CVS pharmacy stopped selling sigarettes. What happened?

Tobacco products

Youth cigarette use is down dramatically today, but there has been very little change to tobacco use overall. That’s because cigarettes aren’t the only problem. The introduction of and experimentation with alternative nicotine products such as flavored cigars, hookah and e-cigarettes present a new and very worrisome challenge. As the marketplace evolves and new products deliver nicotine in novel ways, we work to stay on top of tobacco use behaviors, including how these products are being used and by whom, and their health and safety impacts.

In 2014, CVS Pharmacy stopped selling cigarettes because it conflicted with their "purpose of helping people on their path to better health."

The decision by CVS Health CVS +0.14% to stop selling cigarettes contributed to a drop in tobacco purchases for all retailers, new data from the drugstore giant shows.

The analysis, published in the American Journal of Public Health, comes less than three years after the company in fall of 2014 stopped selling all tobacco products in an unprecedented move that gained national attention from public health advocates, doctors and the White House. After CVS’s tobacco removal, household- and population-level cigarette purchasing declined significantly.

CVS (CVS) is detailing just how much the tobacco ban is impacting the company. While prescription sales continue to rise, general merchandise sales tumbled nearly 8% on a same-store basis.

Do other pharmacies still sell cigarettes?Yes, according to Truth Initiative, a non-profit dedicated to ending cigarette use. They cite Walgreens, Rite-Aid, and Walmart as major pharmacies which still sell tobacco products. However, shareholders have recently been pressuring Walgreens to follow CVS' model and pull cigarettes.

It was nearly 50 years after the American Pharmaceutical Association recommended that pharmacies stop selling cigarettes that CVS elected to pull the product from all of its 7,800 stores. Until CVS took action, no major pharmacy chain had implemented a ban. CVS : "Tobacco products have no place in a setting where healthcare is delivered." Upon announcing the change, CVS predicted they'd lose about $2 billion in sales, and in 2015 their stock dropped by about 3 percent. But according to CNN, that's all part of the gamble. "CVS is clearly betting the move will improve its brand image, especially among the growing population of Americans who don't smoke."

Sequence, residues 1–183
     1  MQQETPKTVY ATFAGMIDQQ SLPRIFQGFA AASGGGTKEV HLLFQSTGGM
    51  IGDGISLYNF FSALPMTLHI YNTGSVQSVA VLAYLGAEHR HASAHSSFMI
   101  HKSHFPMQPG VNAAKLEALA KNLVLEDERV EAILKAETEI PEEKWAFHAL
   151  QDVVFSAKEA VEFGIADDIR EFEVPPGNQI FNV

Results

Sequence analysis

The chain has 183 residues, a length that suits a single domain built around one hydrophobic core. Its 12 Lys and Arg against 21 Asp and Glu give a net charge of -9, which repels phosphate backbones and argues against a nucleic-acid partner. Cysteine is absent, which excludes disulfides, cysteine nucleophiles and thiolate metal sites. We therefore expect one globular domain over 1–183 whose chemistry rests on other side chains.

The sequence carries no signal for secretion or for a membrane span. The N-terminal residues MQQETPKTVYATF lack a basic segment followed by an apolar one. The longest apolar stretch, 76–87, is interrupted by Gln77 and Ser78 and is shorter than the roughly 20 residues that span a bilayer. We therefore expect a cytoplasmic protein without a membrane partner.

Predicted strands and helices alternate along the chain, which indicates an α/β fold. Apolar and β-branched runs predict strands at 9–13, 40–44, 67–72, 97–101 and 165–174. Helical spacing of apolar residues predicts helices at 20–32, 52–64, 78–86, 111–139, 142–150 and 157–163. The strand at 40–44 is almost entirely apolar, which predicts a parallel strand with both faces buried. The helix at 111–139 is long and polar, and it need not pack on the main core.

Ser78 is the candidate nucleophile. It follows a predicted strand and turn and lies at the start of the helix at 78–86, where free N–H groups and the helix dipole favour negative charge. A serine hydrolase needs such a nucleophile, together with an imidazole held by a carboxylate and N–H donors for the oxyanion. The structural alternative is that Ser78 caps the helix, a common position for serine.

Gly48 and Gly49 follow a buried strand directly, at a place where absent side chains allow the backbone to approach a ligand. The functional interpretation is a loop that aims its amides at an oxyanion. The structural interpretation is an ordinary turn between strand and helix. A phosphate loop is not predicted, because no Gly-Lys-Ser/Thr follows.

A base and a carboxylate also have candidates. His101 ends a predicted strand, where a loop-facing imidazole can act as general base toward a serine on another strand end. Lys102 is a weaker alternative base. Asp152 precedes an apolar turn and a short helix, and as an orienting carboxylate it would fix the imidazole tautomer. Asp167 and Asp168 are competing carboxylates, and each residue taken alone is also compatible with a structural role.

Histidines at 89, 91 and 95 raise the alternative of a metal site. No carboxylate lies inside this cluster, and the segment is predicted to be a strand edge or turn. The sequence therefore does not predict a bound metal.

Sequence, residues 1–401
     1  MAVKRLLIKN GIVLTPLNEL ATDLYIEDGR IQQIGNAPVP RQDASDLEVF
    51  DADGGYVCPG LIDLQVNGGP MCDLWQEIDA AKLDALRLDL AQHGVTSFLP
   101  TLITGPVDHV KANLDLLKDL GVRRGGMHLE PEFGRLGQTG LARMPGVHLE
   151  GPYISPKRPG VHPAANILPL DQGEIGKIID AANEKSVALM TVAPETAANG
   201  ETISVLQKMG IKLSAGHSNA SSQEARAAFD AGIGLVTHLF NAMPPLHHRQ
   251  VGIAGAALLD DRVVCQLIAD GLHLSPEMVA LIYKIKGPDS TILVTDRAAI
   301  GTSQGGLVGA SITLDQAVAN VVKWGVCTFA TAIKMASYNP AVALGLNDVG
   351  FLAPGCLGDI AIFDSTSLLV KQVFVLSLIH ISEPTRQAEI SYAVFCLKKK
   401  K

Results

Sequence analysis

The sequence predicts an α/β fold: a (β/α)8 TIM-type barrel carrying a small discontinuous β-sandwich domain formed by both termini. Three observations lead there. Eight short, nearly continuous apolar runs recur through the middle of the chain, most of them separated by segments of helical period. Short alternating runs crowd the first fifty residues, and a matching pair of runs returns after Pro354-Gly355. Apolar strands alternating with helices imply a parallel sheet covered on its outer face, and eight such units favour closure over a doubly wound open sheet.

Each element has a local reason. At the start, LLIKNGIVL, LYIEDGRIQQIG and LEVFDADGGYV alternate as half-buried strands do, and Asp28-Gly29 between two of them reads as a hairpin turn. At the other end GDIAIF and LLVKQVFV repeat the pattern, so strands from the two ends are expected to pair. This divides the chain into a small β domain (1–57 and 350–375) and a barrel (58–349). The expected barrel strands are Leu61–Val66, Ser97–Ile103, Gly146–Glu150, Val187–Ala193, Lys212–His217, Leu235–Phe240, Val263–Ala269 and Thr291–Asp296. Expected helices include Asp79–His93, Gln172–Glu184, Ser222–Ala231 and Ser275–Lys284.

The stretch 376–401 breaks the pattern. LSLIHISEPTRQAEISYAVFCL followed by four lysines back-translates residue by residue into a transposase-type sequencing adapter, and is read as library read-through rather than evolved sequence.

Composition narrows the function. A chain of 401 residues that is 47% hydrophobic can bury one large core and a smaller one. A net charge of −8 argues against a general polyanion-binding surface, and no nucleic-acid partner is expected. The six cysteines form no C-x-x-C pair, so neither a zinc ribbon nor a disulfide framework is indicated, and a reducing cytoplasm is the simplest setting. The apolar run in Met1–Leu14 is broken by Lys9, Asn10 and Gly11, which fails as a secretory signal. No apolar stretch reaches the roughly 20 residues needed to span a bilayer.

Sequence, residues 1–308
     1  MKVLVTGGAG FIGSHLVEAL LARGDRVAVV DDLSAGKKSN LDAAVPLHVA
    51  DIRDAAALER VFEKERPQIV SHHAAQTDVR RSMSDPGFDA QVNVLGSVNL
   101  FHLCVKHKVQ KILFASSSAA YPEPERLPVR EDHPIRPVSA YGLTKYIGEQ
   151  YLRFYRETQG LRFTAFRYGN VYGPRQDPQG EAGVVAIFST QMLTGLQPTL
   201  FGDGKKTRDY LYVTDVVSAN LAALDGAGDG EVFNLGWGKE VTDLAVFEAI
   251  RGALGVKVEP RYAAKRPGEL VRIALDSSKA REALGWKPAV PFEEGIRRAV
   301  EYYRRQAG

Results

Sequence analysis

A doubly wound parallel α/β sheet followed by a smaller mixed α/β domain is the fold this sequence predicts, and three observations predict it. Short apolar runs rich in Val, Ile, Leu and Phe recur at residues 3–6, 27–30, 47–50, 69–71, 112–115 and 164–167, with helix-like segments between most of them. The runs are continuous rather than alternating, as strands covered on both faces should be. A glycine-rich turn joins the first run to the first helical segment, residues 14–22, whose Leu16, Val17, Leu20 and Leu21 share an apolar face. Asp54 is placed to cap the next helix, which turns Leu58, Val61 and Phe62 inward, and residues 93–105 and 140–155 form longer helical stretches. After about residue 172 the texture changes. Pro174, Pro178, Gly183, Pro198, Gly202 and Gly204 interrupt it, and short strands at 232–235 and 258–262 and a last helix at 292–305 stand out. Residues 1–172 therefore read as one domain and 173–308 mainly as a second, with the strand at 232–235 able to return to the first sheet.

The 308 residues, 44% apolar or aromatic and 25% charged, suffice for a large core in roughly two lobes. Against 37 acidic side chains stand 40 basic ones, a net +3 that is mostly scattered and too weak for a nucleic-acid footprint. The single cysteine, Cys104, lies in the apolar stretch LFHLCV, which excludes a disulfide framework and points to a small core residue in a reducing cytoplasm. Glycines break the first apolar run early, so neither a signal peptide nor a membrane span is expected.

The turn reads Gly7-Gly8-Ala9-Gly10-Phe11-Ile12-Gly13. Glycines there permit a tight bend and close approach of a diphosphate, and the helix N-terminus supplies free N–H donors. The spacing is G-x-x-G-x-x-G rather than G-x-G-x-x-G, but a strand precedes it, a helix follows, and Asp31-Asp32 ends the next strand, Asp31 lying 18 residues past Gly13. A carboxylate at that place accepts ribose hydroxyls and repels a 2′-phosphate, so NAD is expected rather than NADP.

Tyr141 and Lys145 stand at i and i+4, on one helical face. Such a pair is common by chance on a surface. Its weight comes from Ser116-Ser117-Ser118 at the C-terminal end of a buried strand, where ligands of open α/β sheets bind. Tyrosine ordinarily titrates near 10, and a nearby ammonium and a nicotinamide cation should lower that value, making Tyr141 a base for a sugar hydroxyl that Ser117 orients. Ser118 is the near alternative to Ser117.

"When we removed tobacco from our shelves, a significant number of our customers simply stopped buying and hopefully smoking cigarettes altogether instead of just altering their cigarette purchasing habits," Dr. Troyen Brennan, CVS Health chief medical officer, said : "This research proves that our decision had a powerful public health impact by disrupting access to cigarettes and helping more of our customers on their path to better health."

Several municipalities have also outlawed pharmacies selling cigarettes, most notably in California and Massachusetts, but it is far from the law of the land. It remains to be seen if other brands will follow suit, or if legislative action will mandate a change. But one thing is clear: what CVS is doing seems to be working.

Thank you!

Report Abuse

If you feel that this video content violates the Adobe Terms of Use, you may report this content by filling out this quick form.

To report a Copyright Violation, please follow Section 17 in the Terms of Use.